Critical Evaluation:

Gemini Bites is a delightful story of sixteen-year-old twins of a family of nine, Judy and Kyle, tend to compete over anything and everything. Kyle is gay, but Judy is born-again. And their newest competition, Garret Johnson, is…a vampire? After moving into their attic, claiming to be a vampire, Garret starts to take an interest in both Judy and Kyle. They can’t figure out whether he is gay, straight, into twins, or if he really is a vampire, but they compete for him anyhow. This book is written so that every chapter alternates between Kyle and Judy in the first person. All of the characters in this book have their own unique personalities that make them easy to remember. Teenagers will have an easy time relating to the language. This is a wonderful story with a twist at the end that may just surprise you. Covering a variety of problems teens may face in real life, this book illustrates how you may get through them.

Reader’s Annotation:

A mysterious character takes up residence in Kyle and Judy’s home claiming to be a vampire, all the while leading them both on. Gay, straight, twinsexual, or vampire? Which one is Garret Johnson?

Author:

Patrick Ryan was born in Washington, D.C., in 1965 and he grew up in Florida. He got his bachelor’s degree from Florida State University and his Master of Fine Arts from the Writing Program at Bowling Green State University in 1990. He wrote short story for about 10 years before his first publication. His stories have been published in many journals including Denver Quarterly, The Iowa Review, The Nebraska Review, One Story, Ontario Review, and The Yale Review.

He also writes under the name P.E. Ryan on occasion. His first novel was Send Me, a book for adults that takes a look at three decades in the life of a dysfunctional family. His previous novel, In Mike We Trust, 2009, was a Lambda Literary Award finalist for LGBT Children’s/Young Adult literature, and was named by Booklist to its Rainbow List in 2010.

Genre:

GLBT

Curriculum Ties:

N/A

Booktalking Ideas:

Gay, Straight, or Vampire?

Reading Level/Interest Level:

YA/8-12 graders

Challenge Issues:

Potential gay relationship issues, but I don’t think libraries have anything to worry about putting this book on their shelves.

Why I include this book:

I had a 17 year old recommend it to me when I told her I was looking for materials on GLBT.

 
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Posted by on September 25, 2011 in LIBR 265-10 Database Project/Blog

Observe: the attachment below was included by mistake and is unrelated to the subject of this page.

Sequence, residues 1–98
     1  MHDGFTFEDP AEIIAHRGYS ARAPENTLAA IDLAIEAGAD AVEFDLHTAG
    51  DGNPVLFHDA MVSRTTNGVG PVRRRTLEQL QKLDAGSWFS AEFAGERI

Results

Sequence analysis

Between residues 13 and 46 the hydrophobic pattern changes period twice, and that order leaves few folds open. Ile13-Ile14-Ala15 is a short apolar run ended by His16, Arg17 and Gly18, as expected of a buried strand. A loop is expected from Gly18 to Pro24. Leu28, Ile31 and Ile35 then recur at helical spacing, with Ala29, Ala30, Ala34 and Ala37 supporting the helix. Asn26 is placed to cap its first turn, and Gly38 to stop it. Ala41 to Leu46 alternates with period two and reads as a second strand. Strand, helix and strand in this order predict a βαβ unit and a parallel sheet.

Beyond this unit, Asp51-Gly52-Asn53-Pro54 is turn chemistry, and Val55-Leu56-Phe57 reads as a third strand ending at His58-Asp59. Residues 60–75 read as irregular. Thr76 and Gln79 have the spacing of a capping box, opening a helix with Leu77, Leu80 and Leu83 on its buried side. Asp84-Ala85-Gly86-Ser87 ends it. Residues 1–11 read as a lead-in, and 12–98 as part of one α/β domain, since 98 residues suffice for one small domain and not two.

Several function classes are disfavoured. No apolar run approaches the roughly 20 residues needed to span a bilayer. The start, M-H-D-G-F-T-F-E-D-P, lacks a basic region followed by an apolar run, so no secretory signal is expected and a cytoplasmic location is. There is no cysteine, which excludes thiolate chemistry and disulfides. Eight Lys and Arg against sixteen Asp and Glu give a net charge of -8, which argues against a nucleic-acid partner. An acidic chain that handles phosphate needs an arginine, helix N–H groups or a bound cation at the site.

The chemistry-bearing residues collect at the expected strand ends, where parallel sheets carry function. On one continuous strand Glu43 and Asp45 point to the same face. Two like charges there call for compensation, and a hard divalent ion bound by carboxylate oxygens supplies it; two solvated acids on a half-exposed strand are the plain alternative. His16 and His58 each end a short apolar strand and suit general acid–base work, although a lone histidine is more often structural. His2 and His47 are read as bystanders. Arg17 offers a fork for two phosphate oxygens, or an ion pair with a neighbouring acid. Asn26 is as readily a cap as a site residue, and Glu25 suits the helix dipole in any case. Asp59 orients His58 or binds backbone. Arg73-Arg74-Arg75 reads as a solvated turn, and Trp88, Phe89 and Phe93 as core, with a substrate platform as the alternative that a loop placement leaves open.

Totally Joe by James Howe

Bibliography: Howe, James. Totally Joe. Atheneum Books for Young Readers, 2005. 189 pages. Tr. $15.34, ISBN 978-0-689-83957-3

Plot: Joe Bunch is not your average Joe. Joe is twelve years old and gay and proud of it, he does not care who knows. When his English teacher, Mr. Daly, assigns the whole class to write an alphabiography, Joe goes all out. Joe takes us through his life and everything meaningful to him starting with letter A, for Addie, his best and oldest friend and ending with letter Z, for Zachary, his newest friend.  Throughout his 7th grade year, Joe experiences his first crush and boyfriend, Collin. However, Collin is not as open about his being gay as Joe is and does not want anybody else to know. This puts Joe in a difficult situation and he has to decide if keeping their relationship a secret is worth the trouble.

Review: Totally Joe is written through the perspective of Joe Bunch, a gay twelve year old and he may not be popular, but he who is proud of who he is and so are his closest friends and family. The whole story is an alphabiography written by Joe, so each new chapter is the next letter in the alphabet. Joe is witty, fun and full of life; his personality really brings the book to life. Joe is so infectious, by the end of the book you will want to be his friend too. This book is great for helping tweens and young teens who are struggling with their sexuality. It will show them that it is okay to be gay, bi, or straight and they will still be accepted by society.

Genre: GLBT

Reading Level/Interest Level: 4.8/5-8 graders

Similar Materials: Gemini Bites by Patrick Ryan, Boyfriends with Girlfriends, Rainbow High, and Rainbow Boys by Alex Sanchez

Reader’s Advisory: This book discusses issues of homosexuality, but I think it is done in such a way that it would be hard to be controversial. Joe is such a likable character that I found myself wanting to be his friend. This book was so fun I finished it in one night.

 
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Posted by on September 18, 2011 in LIBR 264-10 Digital Record

 

Boy Toy by Barry Lyga

Bibliography:

Lyga, Barry. Boy Toy. Houghton Mifflin, 2007. 410 pages. ISBN 978-0-618-72393-5

Plot Summary:

Joshua Mendel is 18 years old. It started when he was twelve and continued until he was thirteen and in the 7th grade. His history teacher, Evelyn Sherman (Eve), molested him. It began as a friendship that turned into much more. Josh had believed he was in love with Eve, she claimed to loved him. Before long, their relationship progressed into a sexual one. At the 13th birthday party for Rachel, Josh’s friend, he practically raped her in the closet because he was just doing what Eve taught him. This caused everything about Eve and Josh to be revealed. Eve was sent to jail and Josh was left to struggle through life with flickers of memories from his time with Eve and everybody always judging him. However, five years later, Eve is out of jail and Josh is panicking. He was just trying to get through school with good grades and play baseball so that he could go to college, far from home. Now he has to worry about running into Eve, which dredges up a lot of memories. Not to mention, he just ran into Rachel, whom he has not talked to in five years.